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2020 Vol. 11 № 3

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The concept “people” in the modern European political thought: Hobbes, Spinoza, Pufendorf

DOI
10.5922/ 2225-5346-2020-3-1
Pages
8-24

Abstract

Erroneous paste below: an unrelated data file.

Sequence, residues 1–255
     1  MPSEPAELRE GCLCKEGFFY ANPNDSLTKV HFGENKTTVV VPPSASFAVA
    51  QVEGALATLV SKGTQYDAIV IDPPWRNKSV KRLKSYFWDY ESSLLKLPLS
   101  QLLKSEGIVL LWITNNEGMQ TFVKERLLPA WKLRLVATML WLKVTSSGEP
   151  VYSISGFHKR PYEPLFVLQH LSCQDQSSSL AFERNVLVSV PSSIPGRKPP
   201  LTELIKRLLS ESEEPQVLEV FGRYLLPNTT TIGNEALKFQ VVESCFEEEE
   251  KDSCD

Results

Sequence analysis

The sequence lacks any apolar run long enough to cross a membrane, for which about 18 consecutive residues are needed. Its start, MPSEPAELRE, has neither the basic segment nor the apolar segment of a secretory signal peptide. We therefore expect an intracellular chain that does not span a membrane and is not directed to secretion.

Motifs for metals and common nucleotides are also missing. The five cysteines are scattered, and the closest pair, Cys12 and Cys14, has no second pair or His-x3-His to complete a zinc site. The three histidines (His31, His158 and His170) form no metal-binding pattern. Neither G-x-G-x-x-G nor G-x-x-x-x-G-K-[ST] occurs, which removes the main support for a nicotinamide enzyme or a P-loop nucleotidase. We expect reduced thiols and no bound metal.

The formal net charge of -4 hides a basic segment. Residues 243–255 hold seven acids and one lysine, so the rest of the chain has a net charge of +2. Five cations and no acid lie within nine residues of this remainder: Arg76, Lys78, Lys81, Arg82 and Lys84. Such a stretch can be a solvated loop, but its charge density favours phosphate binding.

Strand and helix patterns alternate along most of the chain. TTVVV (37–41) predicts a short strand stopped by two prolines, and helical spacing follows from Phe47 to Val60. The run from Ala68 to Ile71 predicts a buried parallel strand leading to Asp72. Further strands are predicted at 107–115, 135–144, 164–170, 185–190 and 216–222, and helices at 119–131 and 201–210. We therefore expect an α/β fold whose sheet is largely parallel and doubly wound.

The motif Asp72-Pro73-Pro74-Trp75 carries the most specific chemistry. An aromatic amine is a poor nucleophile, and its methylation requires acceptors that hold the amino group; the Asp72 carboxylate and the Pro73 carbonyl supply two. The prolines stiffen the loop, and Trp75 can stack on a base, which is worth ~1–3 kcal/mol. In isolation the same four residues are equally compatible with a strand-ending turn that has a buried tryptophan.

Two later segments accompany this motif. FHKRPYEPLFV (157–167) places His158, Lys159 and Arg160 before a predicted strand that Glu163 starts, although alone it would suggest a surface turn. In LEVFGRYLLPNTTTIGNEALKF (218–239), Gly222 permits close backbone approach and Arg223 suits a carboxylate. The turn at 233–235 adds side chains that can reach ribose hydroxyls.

The author considers the evolution of the concept “people” in the political philosophy of Thomas Hobbes, Samuel Pufendorf and Benedict Spinoza. The political thought of Europe in the 17th century demonstrates a conscious turn from the medieval scholastic tradition of thinking about people and power. Politics begins to be thought of as a complex of human ac­tions aimed at achieving certain human goals. This, in turn, leads to the rationalisation of politics and, as a consequence, to the rejection of one of the most powerful mystical and theo­logical abstractions of the late Middle Ages — the concept “people” as a kind of mystical body. Protestant science makes a clear choice in favour of interpreting the concept as an “arti­ficial person”. The author emphasizes that the introduction of the concept “natural state” led to changes in the ontological status of people in political theory. The concept “people” becomes “a flickering subject” that appears during the transition from a natural state to a civil one and disappears when the transition goes in the opposite direction. In a civil state, people become an active subject when they perform the function of the legislator. In other cases, people as a political subject transform into a certain multitude, consisting of separate individuals.

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